Populism is on the rise in Europe and the Americas. Scholars increasingly understand populist forces in terms of their ideas or discourse, one that envisions a cosmic struggle between the will of the common people and a conspiring elite. In this volume, we advance populism scholarship by proposing a causal theory and methodological guidelines - a research program - based on this ideational approach. This program argues that populism exists as a set of widespread attitudes among ordinary citizens, and that these attitudes lie dormant until activated by weak democratic governance and policy failure. It offers methodological guidelines for scholars seeking to measure populist ideas and test their effects. And, to ground the program empirically, it tests this theory at multiple levels of analysis using original data on populist discourse across European and US party systems; case studies of populist forces in Europe, Latin America, and the US; survey data from Europe and Latin America; and experiments in Chile, the US, and the UK. The result is a truly systematic, comparative approach that helps answer questions about the causes and effects of populism.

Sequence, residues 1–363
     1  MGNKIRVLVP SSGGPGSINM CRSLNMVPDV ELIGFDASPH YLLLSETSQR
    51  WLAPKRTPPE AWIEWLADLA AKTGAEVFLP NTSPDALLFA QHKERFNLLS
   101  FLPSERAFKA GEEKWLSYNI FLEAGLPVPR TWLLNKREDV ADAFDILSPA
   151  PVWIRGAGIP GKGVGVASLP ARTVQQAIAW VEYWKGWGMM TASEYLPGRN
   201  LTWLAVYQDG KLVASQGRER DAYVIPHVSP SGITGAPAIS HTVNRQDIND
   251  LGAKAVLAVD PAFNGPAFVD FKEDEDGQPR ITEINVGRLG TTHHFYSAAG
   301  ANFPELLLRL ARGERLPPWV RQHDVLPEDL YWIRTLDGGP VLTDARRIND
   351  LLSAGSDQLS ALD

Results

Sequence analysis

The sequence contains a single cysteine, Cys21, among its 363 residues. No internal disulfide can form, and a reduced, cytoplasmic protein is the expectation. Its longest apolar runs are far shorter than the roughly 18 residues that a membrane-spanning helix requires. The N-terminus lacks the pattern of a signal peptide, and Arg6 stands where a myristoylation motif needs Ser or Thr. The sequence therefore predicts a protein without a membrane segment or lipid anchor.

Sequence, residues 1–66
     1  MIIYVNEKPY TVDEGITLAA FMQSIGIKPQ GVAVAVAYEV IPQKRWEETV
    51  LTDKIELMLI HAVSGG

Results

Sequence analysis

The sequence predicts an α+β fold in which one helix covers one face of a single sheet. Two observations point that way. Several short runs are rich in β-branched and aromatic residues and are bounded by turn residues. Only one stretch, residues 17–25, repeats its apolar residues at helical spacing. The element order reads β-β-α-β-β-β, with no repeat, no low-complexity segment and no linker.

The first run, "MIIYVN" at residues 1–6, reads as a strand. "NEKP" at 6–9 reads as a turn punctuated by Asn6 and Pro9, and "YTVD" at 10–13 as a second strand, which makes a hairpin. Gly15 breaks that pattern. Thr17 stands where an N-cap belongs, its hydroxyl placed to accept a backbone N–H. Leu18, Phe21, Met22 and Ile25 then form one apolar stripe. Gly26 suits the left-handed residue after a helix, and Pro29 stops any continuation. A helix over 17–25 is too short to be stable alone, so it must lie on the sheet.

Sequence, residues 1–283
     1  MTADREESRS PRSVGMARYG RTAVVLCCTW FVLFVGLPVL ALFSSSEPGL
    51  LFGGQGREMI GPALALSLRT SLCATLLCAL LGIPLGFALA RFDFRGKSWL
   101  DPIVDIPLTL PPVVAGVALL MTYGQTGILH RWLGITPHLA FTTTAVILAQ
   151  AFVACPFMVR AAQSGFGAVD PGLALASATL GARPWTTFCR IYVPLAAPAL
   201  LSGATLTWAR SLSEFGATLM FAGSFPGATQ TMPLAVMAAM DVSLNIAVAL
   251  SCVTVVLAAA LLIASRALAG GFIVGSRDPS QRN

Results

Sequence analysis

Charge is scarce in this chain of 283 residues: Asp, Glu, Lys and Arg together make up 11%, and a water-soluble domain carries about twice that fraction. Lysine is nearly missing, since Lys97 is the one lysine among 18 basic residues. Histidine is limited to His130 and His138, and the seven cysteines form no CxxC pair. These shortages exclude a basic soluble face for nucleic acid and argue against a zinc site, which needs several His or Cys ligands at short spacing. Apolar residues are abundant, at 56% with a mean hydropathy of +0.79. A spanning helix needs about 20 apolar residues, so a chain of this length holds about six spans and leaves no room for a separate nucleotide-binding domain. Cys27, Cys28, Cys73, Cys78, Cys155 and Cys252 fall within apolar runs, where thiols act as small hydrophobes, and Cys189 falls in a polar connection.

Introduction: the ideational approach Kirk A. Hawkins, Brigham Young University Cristobal Rovira Kaltwasser, Diego Portales University Part I - MEASURING POPULIST IDEAS Chapter 1 - Textual analysis: big data approaches Kirk A. Hawkins, Brigham Young University Bruno Castanho Silva, University of Cologne Chapter 2 - Textual analysis: the UK party system Luke March, University of Edinburgh Chapter 3 - Textual analysis: an inclusive approach in Croatia Marijana Grbesa, University of Zagreb Berto Salaj, University of Zagreb Chapter 4 - Expert surveys Nina Wiesehomeier, IE University Chapter 5 - Elite surveys Ioannis Andreadis, Aristotle University of Thessaloniki Saskia P. Ruth, German Institute of Global and Area Studies Chapter 6 - Public opinion surveys: evaluating existing measures Steven M. Van Hauwaert, University of Mainz Christian H. Schimpf, University of Mannheim Flavio Azevedo, Cologne University Chapter 7 - Public opinion surveys: a new measure Bruno Castanho Silva, University of Cologne Ioannis Andreadis, Aristotle University of Thessaloniki Eva Anduiza, Autonomous University of Barcelona Nebojsa Blanusa, University of Zagreb Yazmin Morlet Corti, National Autonomous University of Mexico Gisela Delfino, Argentine Catholic University and National Scientific and Technical Research Council, Argentina Guillem Rico, Autonomous University of Barcelona Saskia P. Ruth, University of Zurich, NCCR Democracy Bram Spruyt, Free University of Brussels Marco Steenbergen, University of Zurich Levente Littvay, European Consortium for Political Research Part II - TESTING THE IDEATIONAL THEORY Chapter 8 - Populist mobilization across time and space Hans-Georg Betz, University of Zurich Chapter 9 - Populist success in Latin America and Western Europe: ideational and party-system-centered rxplanations Simon Bornschier, University of Zurich Chapter 10 - Populist voting in Chile, Greece, Spain, and Bolivia Ioannis Andreadis, Aristotle University of Thessaloniki Kirk A. Hawkins, Brigham Young University Ivan Llamazares, University of Salamanca Matthew M. Singer, University of Connecticut Chapter 11 - Populist success: a qualitative comparative analysis Bruno Castanho Silva, University of Cologne Chapter 12 - Populism in Spain: the role of ideational change in Podemos Margarita Gomez-Reino, Universidad Nacional de Educacion a Distancia Ivan Llamazares Valduvieco, University of Salamanca Chapter 13 - Populism in Venezuela: the role of the opposition Sahar Abi-Hassan, Boston University Chapter 14 - Populism in Belgium: the mobilization of the body anti-politic Koen Abts, Institute of Social and Political Opinion Research Thierry Kochuyt, Nottingham Trent Univeristy Stijn van Kessel, Queen Mary University of London Chapter 15 - Populism in the US: the evolution of the Trump constituency Wendy Rahn, University of Minnesota Chapter 16 - Activating populist attitudes: the role of corruption Ethan C. Busby, Northwestern University David Doyle, University of Oxford Kirk A. Hawkins, Brigham Young University Nina Wiesehomeier, IE University Chapter 17 - Populist voters: the role of authoritarianism and ideology Rosario Aguilar, Centro de Investigacion y Docencia Economicas (CIDE). Ryan E. Carlin, Georgia State University Conclusion Ryan E. Carlin, Georgia State University Kirk A. Hawkins, Brigham Young University Levente Littvay, European Consortium for Political Research Jennifer McCoy, Georgia State University Cristobal Rovira Kaltwasser, Diego Portales University